Divorce and marital home
Even if the correct procedure has been followed and the property has been registered as a personal property of the Thai spouse it does not in all cases mean that there are no legal grounds in contested divorce for the foreigner to claim revocation of the gift or compensation for the money expended on the property. Foreigners who invested in real estate in Thailand in a Thai marriage should not always write off their investment in a divorce. In a divorce on mutual consent or contested divorce they should not settle for less than entitle to. The best advice is to make a solid prenuptial agreement before the marriage, keep evidence of your finances and payments made during the marriage, and if your Thai spouse behaves improperly and gives reason for divorce keep evidence of this.
Protect your rights in a real estate owned by a Thai spouse
Real estate ownership by a Thai national married to a foreigner
When you registered a property (land and house) in Thailand on your Thai spouse’s name during your marriage you may have thought about a personal protection in the form of a usufruct to protect your interest in case of divorce or in the event your Thai spouse would predecease you. However, you may not be familiar with the right of usufruct in Thailand as it is a typical Civil Law property right and you may also not be aware what your rights and obligations under a right of usufruct are.
The usufruct of an immovable property is primarily the right to use and manage another person’s real estate property and receive the benefits (‘fruits’) from it. Management in this matter means to the extent permissible for foreigners under Thailand land laws. This means you can live in the house and you can for example rent it out and keep the rent but as a foreigner you cannot register a rental exceeding 3 years with the Land Department.
The usufruct does not give the right to sell the property nor does it gives the title to the property. The usufruct comes to an end at the end of the agreed period and on the death of the person granted the right of usufruct. Whether the usufruct is given for a period of time of up to 30 years or for the life of a person, in any case, the usufruct comes to an end on the death of the person granted the right of usufruct. A usufruct is a form of life interest in the real property.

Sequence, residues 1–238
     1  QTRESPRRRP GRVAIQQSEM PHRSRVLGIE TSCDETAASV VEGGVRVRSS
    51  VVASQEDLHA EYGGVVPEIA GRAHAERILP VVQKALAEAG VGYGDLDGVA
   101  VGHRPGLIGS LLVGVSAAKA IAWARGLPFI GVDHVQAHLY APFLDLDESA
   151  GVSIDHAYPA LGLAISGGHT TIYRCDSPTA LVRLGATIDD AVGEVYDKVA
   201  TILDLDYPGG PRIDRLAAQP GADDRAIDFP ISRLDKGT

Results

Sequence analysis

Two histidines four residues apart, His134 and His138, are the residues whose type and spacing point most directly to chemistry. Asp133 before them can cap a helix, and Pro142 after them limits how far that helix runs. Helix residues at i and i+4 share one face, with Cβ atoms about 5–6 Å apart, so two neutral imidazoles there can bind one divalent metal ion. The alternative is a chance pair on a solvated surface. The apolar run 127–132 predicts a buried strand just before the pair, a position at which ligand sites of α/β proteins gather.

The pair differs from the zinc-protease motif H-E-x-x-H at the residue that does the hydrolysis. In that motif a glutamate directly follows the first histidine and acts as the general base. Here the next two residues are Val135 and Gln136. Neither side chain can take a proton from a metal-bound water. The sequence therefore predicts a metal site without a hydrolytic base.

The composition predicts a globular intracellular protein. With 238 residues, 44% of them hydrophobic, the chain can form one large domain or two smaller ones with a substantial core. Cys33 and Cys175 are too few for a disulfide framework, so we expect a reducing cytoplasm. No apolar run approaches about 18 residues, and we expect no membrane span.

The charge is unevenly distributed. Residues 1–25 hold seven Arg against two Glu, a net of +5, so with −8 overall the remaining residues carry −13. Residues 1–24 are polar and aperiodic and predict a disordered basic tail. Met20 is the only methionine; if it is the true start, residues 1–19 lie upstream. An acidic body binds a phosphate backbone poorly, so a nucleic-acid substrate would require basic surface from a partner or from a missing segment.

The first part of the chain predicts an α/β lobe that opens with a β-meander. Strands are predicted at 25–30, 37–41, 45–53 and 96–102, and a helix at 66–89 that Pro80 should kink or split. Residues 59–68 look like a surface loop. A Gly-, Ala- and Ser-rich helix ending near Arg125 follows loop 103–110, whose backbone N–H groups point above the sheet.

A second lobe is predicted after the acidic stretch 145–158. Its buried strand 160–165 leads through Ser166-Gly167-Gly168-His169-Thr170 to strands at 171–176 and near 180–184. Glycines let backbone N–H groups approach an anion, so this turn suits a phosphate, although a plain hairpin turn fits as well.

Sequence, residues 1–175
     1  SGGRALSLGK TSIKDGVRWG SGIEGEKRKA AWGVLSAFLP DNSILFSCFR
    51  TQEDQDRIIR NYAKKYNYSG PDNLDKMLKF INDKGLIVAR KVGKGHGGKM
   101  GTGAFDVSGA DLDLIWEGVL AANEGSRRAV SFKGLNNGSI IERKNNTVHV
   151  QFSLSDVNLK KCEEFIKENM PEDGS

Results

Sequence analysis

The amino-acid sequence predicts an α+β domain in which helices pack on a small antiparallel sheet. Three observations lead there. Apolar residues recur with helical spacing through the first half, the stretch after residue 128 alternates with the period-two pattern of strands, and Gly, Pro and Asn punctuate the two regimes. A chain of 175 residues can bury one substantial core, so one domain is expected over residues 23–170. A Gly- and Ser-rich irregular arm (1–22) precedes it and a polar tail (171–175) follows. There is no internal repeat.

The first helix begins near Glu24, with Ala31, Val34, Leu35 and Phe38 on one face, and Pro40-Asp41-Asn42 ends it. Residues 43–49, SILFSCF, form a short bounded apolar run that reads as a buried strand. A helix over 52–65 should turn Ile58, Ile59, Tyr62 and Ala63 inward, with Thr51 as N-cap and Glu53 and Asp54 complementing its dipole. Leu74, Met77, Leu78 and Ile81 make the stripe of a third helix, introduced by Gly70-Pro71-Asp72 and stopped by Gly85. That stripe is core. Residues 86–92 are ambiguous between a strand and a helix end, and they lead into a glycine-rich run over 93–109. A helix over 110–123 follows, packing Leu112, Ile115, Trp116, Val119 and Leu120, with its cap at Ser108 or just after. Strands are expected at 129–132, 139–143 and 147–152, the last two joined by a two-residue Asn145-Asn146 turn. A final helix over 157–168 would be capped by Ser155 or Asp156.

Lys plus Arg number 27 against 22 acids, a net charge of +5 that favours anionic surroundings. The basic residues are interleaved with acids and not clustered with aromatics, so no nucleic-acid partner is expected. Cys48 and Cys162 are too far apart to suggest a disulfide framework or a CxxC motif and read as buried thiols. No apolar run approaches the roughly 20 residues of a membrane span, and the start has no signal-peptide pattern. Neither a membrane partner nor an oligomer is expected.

A usufruct could also be given to more than 1 person at the time. A right of usufruct in Thailand is usually a legal instrument to protect a foreign spouse in case the property is registered on the Thai spouse’s name. It enables the foreign spouse to use the property when he survives the Thai spouse and registered owner. The Thai spouse could for example leave the property to the couple’s children, if of Thai nationality, but warrants by way of a registered right of usufruct that his or her foreign spouse has the use and benefit of the property during his lifetime. Upon the usufructuary’s death the usufruct comes to an end and the Thai registered owner(s) receives full unencumbered ownership again.
The usufructuary under Thai Law has the obligation to maintain the property and take normal care of the property. If the usufructuary fails to do so and the property would lose value as a result of poor management or would become in a poor state of repair the owner has the right to terminate the right of usufruct. The usufructuary is liable for loss of value or destruction of the property unless he can proof that damages are not caused by his fault.
The creation of a usufruct could in certain circumstances be an effective option to protect a foreign spouse during his marriage in Thailand and upon death of his or her Thai spouse, however in some cases a usufruct contract may not be the best option. For example if the Thai spouse registers ownership over land and the couple plans to build a house on it a right of superficies may be a more suitable right.